Catholicism is growing in the world in terms of believers, bishops, priests and seminarians
Between 2005 and 2012, the percentage of Catholics went from 17.3 to 17.5 per cent of the world population, which rose from 6.46 to 7.02 billion. In Asia Catholicism is dynamic as indicated by its expanding clergy, including nuns and sisters whose numbers are dropping elsewhere.

Vatican City (AsiaNews) - The number of Catholics in the world and the number of priests, permanent deacons and religious men all increased in 2012, while the number of women in religious orders continued to decline, this according to the recently published 2014 Statistical Yearbook of the Church.

By the end of 2012, the worldwide Catholic population rose by 10.2 per cent, reaching 1.228 billion, up from 1.115 billion. During the same period, the world's population rose from 6.46 to 7.02 billion. The percentage of Catholics increased slightly, from 17.3 per cent to 17.5 per cent.

Asia played a major role in this rise. With a gain of 29 per cent (second only to that of Africa), Asian Catholics now represent about 11 per cent of the continent's population.

The dynamism of Asian Catholicism can be measured by its expanding clergy; this includes a rise in women religious whose numbers are dropping elsewhere.

Overall, world Catholicism is taking on more African and Asian traits. Europe, home to 23 per cent of the world's Catholic community in 2012, has the lowest growth, with the number of baptised believers up by just over 2 per cent. European Catholics' proportion remained stable at around 40 per cent, with the Americas home to 49 per cent of baptised Catholics in the world.

The number of bishops in the world also increased in the 2005-2012 period, going from 4,841 to 5,133, an increase of 292 bishops, or 6 per cent. On average, all continents showed a similar rate of increase.

The total number of priests in the world in 2012 was up by about 2 per cent, resulting from an increase of 3.6 per cent in the diocesan clergy and a drop of 1.4 per cent in the religious clergy.

In 2012, there were 414,313 priests in the world. Of these, 279,561 were in the diocesan clergy compared to 134,752 in the religious clergy. In 2005, the total number was 406,411, with 269,762 diocesan and 136,649 religious.

The highest increase was reported in Africa (+24 per cent) and Asia (+20 per cent), followed by the Americas (+1.6 per cent) and Oceania (+0.2 per cent). The number of European priests dropped instead (-6 per cent). The religious clergy decreased everywhere, except in Asia and Africa.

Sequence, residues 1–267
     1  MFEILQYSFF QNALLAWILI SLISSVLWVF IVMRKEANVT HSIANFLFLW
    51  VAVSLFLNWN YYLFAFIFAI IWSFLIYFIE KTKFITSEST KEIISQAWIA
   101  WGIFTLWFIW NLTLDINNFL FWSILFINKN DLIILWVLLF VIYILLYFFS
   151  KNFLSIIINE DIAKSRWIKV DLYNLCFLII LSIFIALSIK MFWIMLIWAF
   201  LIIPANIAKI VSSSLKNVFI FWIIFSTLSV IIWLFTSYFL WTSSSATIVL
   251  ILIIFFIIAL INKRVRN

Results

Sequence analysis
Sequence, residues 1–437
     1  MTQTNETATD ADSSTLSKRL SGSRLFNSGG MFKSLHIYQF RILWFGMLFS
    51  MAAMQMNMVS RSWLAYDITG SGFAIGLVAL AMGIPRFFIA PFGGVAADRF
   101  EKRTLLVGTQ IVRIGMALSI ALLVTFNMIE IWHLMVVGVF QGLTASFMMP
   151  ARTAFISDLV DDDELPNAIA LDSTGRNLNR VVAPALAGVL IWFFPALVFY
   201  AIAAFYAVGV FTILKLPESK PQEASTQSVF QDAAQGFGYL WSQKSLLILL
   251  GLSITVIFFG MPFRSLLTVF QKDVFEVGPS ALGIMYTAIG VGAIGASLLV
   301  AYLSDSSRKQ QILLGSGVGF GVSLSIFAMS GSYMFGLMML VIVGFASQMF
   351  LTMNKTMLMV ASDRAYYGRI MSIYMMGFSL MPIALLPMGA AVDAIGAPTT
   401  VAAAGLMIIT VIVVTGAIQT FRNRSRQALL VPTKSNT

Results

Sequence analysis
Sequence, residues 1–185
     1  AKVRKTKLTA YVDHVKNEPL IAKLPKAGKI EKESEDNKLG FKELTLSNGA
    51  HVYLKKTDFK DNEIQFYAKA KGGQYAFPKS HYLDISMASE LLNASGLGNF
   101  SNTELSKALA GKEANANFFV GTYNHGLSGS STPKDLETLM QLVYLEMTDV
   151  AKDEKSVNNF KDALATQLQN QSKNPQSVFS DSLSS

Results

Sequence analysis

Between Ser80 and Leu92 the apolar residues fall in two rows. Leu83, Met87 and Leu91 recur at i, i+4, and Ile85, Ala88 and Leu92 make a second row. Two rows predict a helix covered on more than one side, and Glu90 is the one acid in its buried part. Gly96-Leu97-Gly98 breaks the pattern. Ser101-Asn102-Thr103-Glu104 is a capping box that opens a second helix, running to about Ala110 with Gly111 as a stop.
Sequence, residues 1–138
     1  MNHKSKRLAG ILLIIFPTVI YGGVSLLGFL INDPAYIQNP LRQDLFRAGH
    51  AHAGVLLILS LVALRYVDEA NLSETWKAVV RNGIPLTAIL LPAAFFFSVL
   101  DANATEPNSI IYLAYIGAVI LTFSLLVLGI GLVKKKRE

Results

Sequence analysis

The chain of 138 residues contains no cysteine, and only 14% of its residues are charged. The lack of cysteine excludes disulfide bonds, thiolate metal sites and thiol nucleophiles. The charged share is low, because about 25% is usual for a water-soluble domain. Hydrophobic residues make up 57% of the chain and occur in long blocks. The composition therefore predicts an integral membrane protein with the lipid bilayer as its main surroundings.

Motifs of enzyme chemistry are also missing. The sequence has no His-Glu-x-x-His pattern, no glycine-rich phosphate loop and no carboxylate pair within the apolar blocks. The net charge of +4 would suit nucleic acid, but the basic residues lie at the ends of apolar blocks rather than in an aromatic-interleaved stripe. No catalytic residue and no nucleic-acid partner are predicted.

European priests are still the largest group (45 per cent), twice as many as in the Americas (186,489 vs 122,924). Asia's clergy represents 14.5 per cent of the total; Africa's is 9.7 per cent; and Oceania's stands at 1.1 per cent.

The proportion of priests in the Americas and Oceania to the rest of the world did not change between 2005 and 2012. However, Africa's clergy went from 8.0 per cent in 2005 to 9.7 per cent in 2012. In Asia, it went from 12.3 to 14.5 per cent. Conversely, the clergy in Europe fell from 48.8 to 45.0 per cent.

Among pastoral workers, permanent deacons saw the greatest changes. They rose from 33,391 in 2005 to 42,000 in 2012, a rise of more than 26 per cent. The jump was significant in Europe (from under 11,000 to almost 14,000) and in the Americas (from 21 722 to more than 27,000). Few deacons operate in Africa and Asia, which together account for just 1.5 per cent of the total.

In the period under review, professed religious who are not priests saw a slight increase, from 54,708 in 2005 to 55,314 in 2012. However, these figures conceal a sharp plunge in Europe (-10.2 per cent), Oceania (-7 per cent) and the Americas (-3.1 per cent), compared to a major rise in Asia (+27, 5 per cent) and Africa (+8.8 per cent). In 2012, the proportion of religious who are not priests in these last two continents exceed that in the Americas. Europe has the highest proportion (31.8 per cent), but one that has significantly dropped.

The number of women in religious orders stood at 702,529 in 2012, 38 per cent in Europe, followed by the Americas (more than 186,000) and Asia (almost 170,000). This represents a decline of 7.6 per cent over 2005, especially in Europe, the Americas and Oceania, with some significant (around 15 per cent) variations.

In Africa and Asia however, there was a big jump, 16.7 per cent and 10.5 per cent respectively. Professed women in Africa and Asia saw their proportion rise from 27.9 per cent to 33.9 per cent, as Europe and America saw their overall proportion decline from 70.8 to 64.9 per cent.

The number of seminarians also increased by 4.9 per cent, from 114,439 in 2005 to 120 051 in 2012. The greatest rise occurred in Asia where the number of seminarians in the period under review rose by 18 per cent. Africa followed with 17.6 per cent, then Oceania with 14.2 per cent. Europe and America saw a drop of 13.2 and 2.8 per cent respectively.

In 2012, out of 1,000 candidates for the priesthood worldwide, 299 were from the Americas, 296 from Asia, 231 from Africa, 166 from Europe and 8 from Oceania.

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